Meanwhile, a squadron of F-16 fighter jets from the United Arab Emirates arrived in Jordan. The UAE has said it is sending the warplanes to support the kingdom, and a Jordanian government official has said they would participate in airstrikes on ISIS targets.
Jordanian officials vowed to harshly retaliate for the slaying of the pilot, Lt. Muath al-Kasasbeh, who was set ablaze while trapped in a cage. Kassasbeh was captured in December when his F-16 warplane went down in Syria.
Air force chief Maj. Gen. Mansour al-Jobour told reporters the kingdom had launched 56 air raids on ISIS since Thursday. “On the first day of the campaign to avenge our airman Lt. Moaz al-Kassasbeh, 19 targets were destroyed, including training camps and equipment,” he said, reading from a prepared text.
Eighteen more targets including ammunition and fuel depots and logistics centers were hit Friday.
Nineteen ISIS targets were destroyed Saturday, including barracks and residential centers.
“So far the campaign has destroyed 20 percent of the fighting capabilities of ISIS,” Jobour said.
“We achieved what we were looking for: revenge for Muath,” he added. “And this is not the end. This is the beginning.”
State media reported that a squadron of UAE F-16 fighter jets arrived in Jordan escorted by pilots and technicians, days after the Gulf state reportedly reversed its decision to pull out of the coalition following the capture of the Jordanian pilot.
C-17 transporters and refueling planes were part of the squadron sent to Jordan on the orders of Abu Dhabi Crown Prince Mohammad bin Zayed al-Nahyan, the Petra news agency said.
The UAE, which hosts air bases used by American and coalition partners, has not commented on suspending its strikes.
US Secretary of State John Kerry said the aerial campaign on ISIS in Iraq and Syria was beginning to win back territory seized by the jihadis and deprive the group of key funds. Speaking in Munich, Kerry said the air war has helped retake 700 square kms of territory, or “one-fifth of the area” previously controlled by ISIS. He did not say whether the regained territory was in Iraq or Syria.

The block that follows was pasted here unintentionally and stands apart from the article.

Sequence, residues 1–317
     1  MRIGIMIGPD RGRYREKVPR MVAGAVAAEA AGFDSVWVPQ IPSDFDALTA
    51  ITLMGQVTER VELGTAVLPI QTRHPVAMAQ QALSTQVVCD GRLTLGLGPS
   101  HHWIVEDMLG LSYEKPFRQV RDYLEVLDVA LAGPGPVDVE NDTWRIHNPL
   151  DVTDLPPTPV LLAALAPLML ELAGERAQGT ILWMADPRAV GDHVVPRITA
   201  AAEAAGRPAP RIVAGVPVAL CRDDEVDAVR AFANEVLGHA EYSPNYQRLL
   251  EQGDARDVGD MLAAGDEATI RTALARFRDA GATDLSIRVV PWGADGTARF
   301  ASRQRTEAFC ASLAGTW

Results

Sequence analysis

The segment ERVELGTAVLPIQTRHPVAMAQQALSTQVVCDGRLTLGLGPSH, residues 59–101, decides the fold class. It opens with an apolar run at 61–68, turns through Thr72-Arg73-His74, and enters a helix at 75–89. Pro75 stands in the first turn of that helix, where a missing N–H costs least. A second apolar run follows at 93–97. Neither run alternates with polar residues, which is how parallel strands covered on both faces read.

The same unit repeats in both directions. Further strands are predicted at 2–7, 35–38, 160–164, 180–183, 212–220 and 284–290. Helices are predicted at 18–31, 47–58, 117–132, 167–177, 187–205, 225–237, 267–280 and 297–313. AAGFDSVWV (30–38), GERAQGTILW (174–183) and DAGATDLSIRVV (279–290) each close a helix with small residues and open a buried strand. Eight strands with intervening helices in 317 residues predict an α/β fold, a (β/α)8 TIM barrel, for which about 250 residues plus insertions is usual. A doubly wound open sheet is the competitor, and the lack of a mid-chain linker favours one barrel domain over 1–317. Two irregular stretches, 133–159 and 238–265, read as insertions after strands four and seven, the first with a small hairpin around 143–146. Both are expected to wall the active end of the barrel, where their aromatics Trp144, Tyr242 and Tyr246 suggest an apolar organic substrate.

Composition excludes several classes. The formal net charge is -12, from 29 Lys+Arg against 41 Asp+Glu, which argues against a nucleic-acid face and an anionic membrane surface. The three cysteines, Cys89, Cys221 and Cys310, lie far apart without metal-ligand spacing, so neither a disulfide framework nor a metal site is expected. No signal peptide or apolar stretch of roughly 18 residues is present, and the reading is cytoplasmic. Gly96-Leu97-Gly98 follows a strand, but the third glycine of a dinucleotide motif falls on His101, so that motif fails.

Jordan’s Foreign Minister Nasser Judeh said that while the bombing campaign had “degraded” ISIS capability, the group was still in control of vast territory and resources.
“They still have access to Syria’s cash and funds. They have access to weaponry. They’re not gone as a threat yet,” he told ABC television.
Elsewhere in the offensive against ISIS, Syrian Kurdish forces have recaptured more than a third of the villages around the border town of Ain al-Arab since the jihadis withdrew from the town a fortnight ago, an activist group said. “The [Kurdish] YPG [militia] has recaptured 128 villages out of some 350 in the past two weeks,” said Syrian Observatory for Human Rights director Rami Abdel-Rahman. “ISIS withdrew from villages east and south of [Ain al-Arab] mostly without resistance, but fought hard to try to keep control of villages to the west,” Abdel-Rahman said.
“That’s because it wants to try to protect areas under its control inAleppo province. But the Kurds are steadily advancing,” he told AFP.
Observers were also watching developments in the ISIS stronghold of Raqqa, to the east of Aleppo, with the situation on the ground fluid. There were reports of new curfews ordered by ISIS in parts of Raqqa province, which could see stepped-up attacks against the militants by Kurdish militia and Syrian rebels.
Separately, UN envoy to Syria Staffan de Mistura is scheduled to arrive in Lebanon Monday and travel to the Syrian capital to follow up his initiative to “freeze” fighting in the northern city of Aleppo, sources said.